Livingston-based Foster Farms' pending purchase of a chicken processing plant in Louisiana will not affect its core operations in the San Joaquin Valley, CEO Ron Foster said.
"We view this acquisition as complementary to our current business," Foster said in a written response to questions from The Modesto Bee. "When the purchase is successfully completed, it will provide us with incremental capacity and new capabilities."
Foster Farms reached a tentative agreement last week to buy the plant in Farmerville, La., from the struggling Pilgrim's Pride Inc.
Foster Farms and the state of Louisiana each will pay $40 million for the plant, which otherwise would have closed. It employs about 1,300 people and buys chickens from about 300 farmers.
The acquisition could add "perhaps upwards of 15 to 20 percent" to Foster Farms' production capacity, the chief executive officer said.
"This acquisition does not indicate any material expansion of our marketing effort geographically, or a shift of production away from California," Foster said. "It simply supports our existing growth needs."
Foster Farms, founded in Modesto in 1939 by Max and Verda Foster, employs more than 10,000 people. It has operations in Livingston, Turlock and a few other California locations, along with Oregon, Washington, Colorado, Arkansas and Alabama.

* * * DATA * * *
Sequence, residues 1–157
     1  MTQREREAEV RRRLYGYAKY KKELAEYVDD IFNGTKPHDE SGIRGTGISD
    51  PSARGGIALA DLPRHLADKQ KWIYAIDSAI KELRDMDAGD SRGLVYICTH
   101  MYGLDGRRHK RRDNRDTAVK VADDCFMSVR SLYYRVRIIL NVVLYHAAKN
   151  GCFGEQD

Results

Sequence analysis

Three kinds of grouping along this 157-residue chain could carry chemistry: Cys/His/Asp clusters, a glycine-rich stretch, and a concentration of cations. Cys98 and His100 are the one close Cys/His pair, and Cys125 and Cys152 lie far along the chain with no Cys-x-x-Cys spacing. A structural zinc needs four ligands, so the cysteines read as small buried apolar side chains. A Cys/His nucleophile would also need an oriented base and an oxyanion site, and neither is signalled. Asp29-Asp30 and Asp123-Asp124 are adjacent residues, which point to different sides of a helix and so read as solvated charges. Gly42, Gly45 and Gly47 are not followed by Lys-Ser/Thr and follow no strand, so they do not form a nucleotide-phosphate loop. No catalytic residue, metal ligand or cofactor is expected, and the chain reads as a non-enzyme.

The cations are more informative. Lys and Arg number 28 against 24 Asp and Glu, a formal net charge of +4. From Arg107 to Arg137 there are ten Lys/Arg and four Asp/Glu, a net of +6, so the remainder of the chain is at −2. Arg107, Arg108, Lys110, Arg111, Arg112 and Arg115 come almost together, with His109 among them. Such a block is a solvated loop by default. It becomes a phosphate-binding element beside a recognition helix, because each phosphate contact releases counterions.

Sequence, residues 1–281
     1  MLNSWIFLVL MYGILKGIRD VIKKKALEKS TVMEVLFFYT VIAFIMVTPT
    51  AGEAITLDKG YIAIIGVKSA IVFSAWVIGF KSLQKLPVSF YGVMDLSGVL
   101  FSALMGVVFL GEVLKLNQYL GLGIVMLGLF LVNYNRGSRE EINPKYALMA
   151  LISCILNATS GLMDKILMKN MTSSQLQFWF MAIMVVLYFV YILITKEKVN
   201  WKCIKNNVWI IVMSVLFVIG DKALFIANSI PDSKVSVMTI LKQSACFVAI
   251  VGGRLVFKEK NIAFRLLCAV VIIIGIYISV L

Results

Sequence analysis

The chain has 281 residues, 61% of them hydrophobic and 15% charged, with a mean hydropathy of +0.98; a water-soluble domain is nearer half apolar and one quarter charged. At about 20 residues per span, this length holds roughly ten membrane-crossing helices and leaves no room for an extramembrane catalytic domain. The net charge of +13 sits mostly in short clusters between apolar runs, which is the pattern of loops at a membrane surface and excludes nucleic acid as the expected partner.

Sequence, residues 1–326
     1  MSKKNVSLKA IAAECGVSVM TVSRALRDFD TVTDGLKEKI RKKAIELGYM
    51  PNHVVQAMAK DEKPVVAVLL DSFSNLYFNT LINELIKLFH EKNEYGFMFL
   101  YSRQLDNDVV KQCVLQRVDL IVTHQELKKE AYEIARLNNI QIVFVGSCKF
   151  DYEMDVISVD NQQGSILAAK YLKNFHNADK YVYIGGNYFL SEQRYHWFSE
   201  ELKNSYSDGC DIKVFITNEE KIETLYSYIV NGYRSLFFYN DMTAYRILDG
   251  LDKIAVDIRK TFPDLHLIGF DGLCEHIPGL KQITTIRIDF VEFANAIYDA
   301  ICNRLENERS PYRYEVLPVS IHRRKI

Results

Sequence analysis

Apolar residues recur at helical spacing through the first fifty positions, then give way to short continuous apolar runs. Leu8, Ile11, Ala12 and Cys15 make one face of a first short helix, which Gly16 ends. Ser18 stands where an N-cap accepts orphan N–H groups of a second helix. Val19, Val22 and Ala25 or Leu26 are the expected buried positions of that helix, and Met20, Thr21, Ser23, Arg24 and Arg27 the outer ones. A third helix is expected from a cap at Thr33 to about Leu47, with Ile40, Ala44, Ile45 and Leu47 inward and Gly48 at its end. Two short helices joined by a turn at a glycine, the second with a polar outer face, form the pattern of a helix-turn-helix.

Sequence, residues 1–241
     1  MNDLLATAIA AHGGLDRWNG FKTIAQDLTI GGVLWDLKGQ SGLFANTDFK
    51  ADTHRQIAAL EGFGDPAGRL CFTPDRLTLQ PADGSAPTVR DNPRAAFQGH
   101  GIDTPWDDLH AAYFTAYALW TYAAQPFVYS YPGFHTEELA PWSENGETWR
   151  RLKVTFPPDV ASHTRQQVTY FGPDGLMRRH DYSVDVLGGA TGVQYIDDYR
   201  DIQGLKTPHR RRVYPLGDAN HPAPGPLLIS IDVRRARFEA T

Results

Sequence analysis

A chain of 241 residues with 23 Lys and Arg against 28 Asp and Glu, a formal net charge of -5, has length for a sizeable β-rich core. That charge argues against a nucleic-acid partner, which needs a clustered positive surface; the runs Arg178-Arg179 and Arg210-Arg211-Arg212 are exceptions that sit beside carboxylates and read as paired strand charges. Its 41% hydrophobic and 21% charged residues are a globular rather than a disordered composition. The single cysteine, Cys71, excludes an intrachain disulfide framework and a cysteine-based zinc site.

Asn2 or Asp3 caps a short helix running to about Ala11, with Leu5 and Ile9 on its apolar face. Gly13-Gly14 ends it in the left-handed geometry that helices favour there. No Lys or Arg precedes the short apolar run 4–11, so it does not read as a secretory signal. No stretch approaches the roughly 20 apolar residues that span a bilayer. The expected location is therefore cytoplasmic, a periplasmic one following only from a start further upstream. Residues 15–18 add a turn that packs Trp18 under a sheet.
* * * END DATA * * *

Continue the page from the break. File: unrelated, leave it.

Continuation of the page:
The Alabama plant, a corn dog producer acquired by Foster Farms in 1996, was the company's first foray into the South, the center of U.S. chicken production.
Even with the latest acquisition, Foster Farms will be a small player in that region compared with industry giants such as Pilgrim's Pride and Tyson Foods Inc.
Nonetheless, the move will spread Foster Farms' reputation for quality, said Bill Mattos, president of the California Poultry Federation, based in Modesto.
"They are a successful, family-owned company on the West Coast, and they do a lot of things that will be good for the southern United States," he said.
Foster said the company has not determined which chicken products will be produced at the Farmerville plant. Foster Farms markets hundreds of chicken and turkey products, from whole birds to sliced deli meat.
Foster Farms and Pilgrim's Pride still need to sign a formal purchase agreement, which must be approved by the bankruptcy court overseeing the latter's finances.
The pending deal was welcomed by officials in Louisiana, including Gov. Bobby Jindal.
"This is a major victory for the people of northeast Louisiana — and our entire state," Jindal said in a statement. "The fact that we reached an agreement to sell the facility this quickly is a true testament to what can be accomplished through a lot of hard work and dedication to helping a community in their time of need."